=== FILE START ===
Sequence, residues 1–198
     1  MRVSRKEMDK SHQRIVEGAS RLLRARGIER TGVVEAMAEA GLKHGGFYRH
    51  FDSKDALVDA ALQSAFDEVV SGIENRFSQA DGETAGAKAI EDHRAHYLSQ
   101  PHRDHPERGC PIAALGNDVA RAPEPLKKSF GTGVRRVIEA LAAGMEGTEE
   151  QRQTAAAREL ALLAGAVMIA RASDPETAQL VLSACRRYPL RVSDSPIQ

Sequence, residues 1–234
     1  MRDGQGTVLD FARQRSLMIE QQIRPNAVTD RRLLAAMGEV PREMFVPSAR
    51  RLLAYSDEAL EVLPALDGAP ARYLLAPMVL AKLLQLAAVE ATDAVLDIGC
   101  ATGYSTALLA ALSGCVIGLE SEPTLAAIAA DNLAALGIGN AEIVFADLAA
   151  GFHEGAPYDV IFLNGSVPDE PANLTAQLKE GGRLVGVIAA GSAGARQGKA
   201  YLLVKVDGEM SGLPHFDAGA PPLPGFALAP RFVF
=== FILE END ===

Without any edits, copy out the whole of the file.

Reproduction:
Sequence, residues 1–198
     1  MRVSRKEMDK SHQRIVEGAS RLLRARGIER TGVVEAMAEA GLKHGGFYRH
    51  FDSKDALVDA ALQSAFDEVV SGIENRFSQA DGETAGAKAI EDHRAHYLSQ
   101  PHRDHPERGC PIAALGNDVA RAPEPLKKSF GTGVRRVIEA LAAGMEGTEE
   151  QRQTAAAREL ALLAGAVMIA RASDPETAQL VLSACRRYPL RVSDSPIQ

Sequence, residues 1–234
     1  MRDGQGTVLD FARQRSLMIE QQIRPNAVTD RRLLAAMGEV PREMFVPSAR
    51  RLLAYSDEAL EVLPALDGAP ARYLLAPMVL AKLLQLAAVE ATDAVLDIGC
   101  ATGYSTALLA ALSGCVIGLE SEPTLAAIAA DNLAALGIGN AEIVFADLAA
   151  GFHEGAPYDV IFLNGSVPDE PANLTAQLKE GGRLVGVIAA GSAGARQGKA
   201  YLLVKVDGEM SGLPHFDAGA PPLPGFALAP RFVF